WASHINGTON, D.C. — Iman Shumpert heard his name called and looked up from his locker. It was Carmelo Anthony, poking his head out of the Knicks showers.

“Shump, bring me that brown bag,” Anthony said, gesturing toward a toiletry kit in his locker.

Shumpert sprang out of his chair, grabbed his All-Star teammate’s bag and turned to toss it to him, but Anthony had already disappeared back into the showers. Turning to veteran Mike Bibby, Shumpert grinned and muttered, “That’s some rookie hazing right there. Not only do I have to get it for him, I’ve gotta bring it to him, too.”

Shumpert has been hearing his name called in a lot of unusual ways lately. This was Friday night, Jan. 6, after the Knicks called on the Oak Park native for 37 minutes of action off the bench in a narrow victory over the host Wizards. Two days prior, Shumpert sat on the Madison Square Garden bench nursing a cramp as calls of “We want Shum-pert!” rained down from the home crowd. And all this just six months after Knicks fans called out boos when Shumpert’s selection was announced at the NBA Draft in New Jersey.

“This is kind of an ‘I-told-you-so’ feeling,” Shumpert said. “The fans just didn’t know who I was. They booed Patrick Ewing in New York, and he’s one of the greats. New York just wants somebody that plays hard, and now they know that’s what I do.”

The city — and the Knicks coaching staff — have taken notice. Against the Wizards in just his third career game, Shumpert’s 11 points, seven assists and five steals overall helped spark the Knicks to a come-from-behind 99-96 win. After icing the game with a free throw with 3.7 seconds left, Shumpert was the first player approached by the throng of New York media. Did he think he might crack the starting lineup soon? Did it make him nervous to be getting so much playing time so soon?

Shumpert seemed taken aback by the question: “I don’t have a reason to be nervous. It’s just basketball. I’ve been wanting to be in the NBA all my life, and now I’m here. I don’t see a point in being nervous.”

So perhaps as surprising as the central role Shumpert is taking on the Knicks is the manner in which he goes about his business. Recently described by the New York Times as an “improbably confident rookie guard,” Shumpert strolls through the locker room before the game like a veteran, singing along with the rap music blaring from his headphones. “Ball, son!” he barks at a ballboy during the pregame shoot-around. After the win he jokes with equipment managers and feigns frustration when the Knicks’ second big star, Amar’e Stoudemire, asks to borrow his hairbrush.

Isn’t he at all intimidated, just a 21-year-old rookie who was not supposed to be drafted in the first round, on a team with two superstars in the U.S.’s largest city?

“No, I’m not going to be like that,” Shumpert said. “It’s not a surprise to me that I’m here. I’m not here for no reason. People don’t realize that. I worked hard to get here.”

Pointing to Stoudemire, he added, “He’s just a person, too.” He smiled. “He’s got a bit more money, though, but these guys don’t belittle anybody. They know I’m here to play.”

The season is only two weeks old at this point, but it’s already been a roller-coaster for Shumpert. He sprained his knee in the Knicks’ opener on Christmas Day — his parents made the trip from Oak Park to New York for the debut — and missed four games. In his first game back Shumpert went off for 18 points against Charlotte on Jan. 4 before suffering leg cramps, and this time the home crowd booed when he was taken out of the game.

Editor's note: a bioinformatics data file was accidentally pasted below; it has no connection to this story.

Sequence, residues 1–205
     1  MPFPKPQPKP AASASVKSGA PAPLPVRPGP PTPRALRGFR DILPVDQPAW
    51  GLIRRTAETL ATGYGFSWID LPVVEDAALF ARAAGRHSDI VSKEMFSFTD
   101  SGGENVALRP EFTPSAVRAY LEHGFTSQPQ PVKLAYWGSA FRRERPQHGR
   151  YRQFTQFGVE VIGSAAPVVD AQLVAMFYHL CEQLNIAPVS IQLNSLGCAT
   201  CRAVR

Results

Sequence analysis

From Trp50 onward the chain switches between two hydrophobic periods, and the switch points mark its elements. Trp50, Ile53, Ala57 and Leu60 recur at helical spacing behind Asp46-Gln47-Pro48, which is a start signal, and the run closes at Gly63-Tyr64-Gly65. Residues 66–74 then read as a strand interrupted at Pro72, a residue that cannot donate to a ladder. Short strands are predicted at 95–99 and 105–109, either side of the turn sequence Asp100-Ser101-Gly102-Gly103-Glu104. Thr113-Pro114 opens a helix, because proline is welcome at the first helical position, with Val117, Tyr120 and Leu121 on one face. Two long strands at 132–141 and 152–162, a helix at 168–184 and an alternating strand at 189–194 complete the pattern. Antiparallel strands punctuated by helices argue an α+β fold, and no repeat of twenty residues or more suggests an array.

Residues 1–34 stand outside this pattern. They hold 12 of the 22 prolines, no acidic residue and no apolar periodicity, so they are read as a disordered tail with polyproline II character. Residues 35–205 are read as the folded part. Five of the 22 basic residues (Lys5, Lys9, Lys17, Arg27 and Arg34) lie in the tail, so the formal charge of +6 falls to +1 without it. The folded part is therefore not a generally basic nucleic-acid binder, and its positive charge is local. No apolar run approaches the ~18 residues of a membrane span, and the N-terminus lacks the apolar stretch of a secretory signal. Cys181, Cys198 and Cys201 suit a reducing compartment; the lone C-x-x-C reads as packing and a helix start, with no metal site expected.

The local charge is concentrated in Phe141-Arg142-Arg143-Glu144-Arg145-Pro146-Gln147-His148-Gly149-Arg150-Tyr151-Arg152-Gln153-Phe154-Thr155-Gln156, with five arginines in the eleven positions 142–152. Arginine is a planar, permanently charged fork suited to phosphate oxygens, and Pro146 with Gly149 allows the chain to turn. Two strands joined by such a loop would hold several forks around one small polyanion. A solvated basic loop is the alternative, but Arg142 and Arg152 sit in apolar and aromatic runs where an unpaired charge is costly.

Asked how it felt to be cheered by the very same fans who once shunned him, Shumpert said matter-of-factly, “I wasn’t paying that much attention. It didn’t matter that much to me. I want to win and I want to play if I can. I wanted to get back out there but with the cramps I just couldn’t.”

Shumpert’s early success, for which he was rewarded with his first career start on Jan. 7 (in only his fourth game), clearly comes as no shock to the former OPRF High School student athlete. Rather, he said, the two biggest thrills so far have been his first paycheck (a portion of his $1.5 million rookie salary) and first ride on the team plane (“It was so nice. I’m not used to that with the leg room and food and music — a big adjustment.”).

Shumpert said he hasn’t made any extravagant purchases yet and is living in a hotel while looking for permanent housing. His best friend, former OPRF teammate Troy Aldridge, is moving to New York soon to be his assistant, Shumpert said, “to help me get my living situation in order and so I can focus on basketball.”

There are other signs of Oak Park and his former life, too. Shumpert has tattooed on his left bicep a portion of the CTA’s Green Line — a star marking Ridgeland, his stop — so that he can show people how close Oak Park really is to Chicago, he said. He is in regular contact with former OPRF basketball coach Al Allen, and is working to get Allen to see him play live even before the Knicks come to Chicago on March 12.

On this night he was able to visit with his Georgia Tech coach Paul Hewitt, who is now at nearby George Mason. Hewitt had advised Shumpert to go back to school for his senior year — perhaps a thought shared by NBA watchers who doubted him — but Shumpert said that “seeing me now, [Hewitt’s] happy I made the decision I did.”

Though he is occasionally reminded of his rookie status by having to carry team bags on road trips, Shumpert’s stock has unquestionably risen since he was perceived as an unknown quantity on draft night. No longer booed, he is now recognized and encouraged around New York, he said.

The messages now? “Keep playing hard, keep working hard,” he said. “Bring us a championship.”

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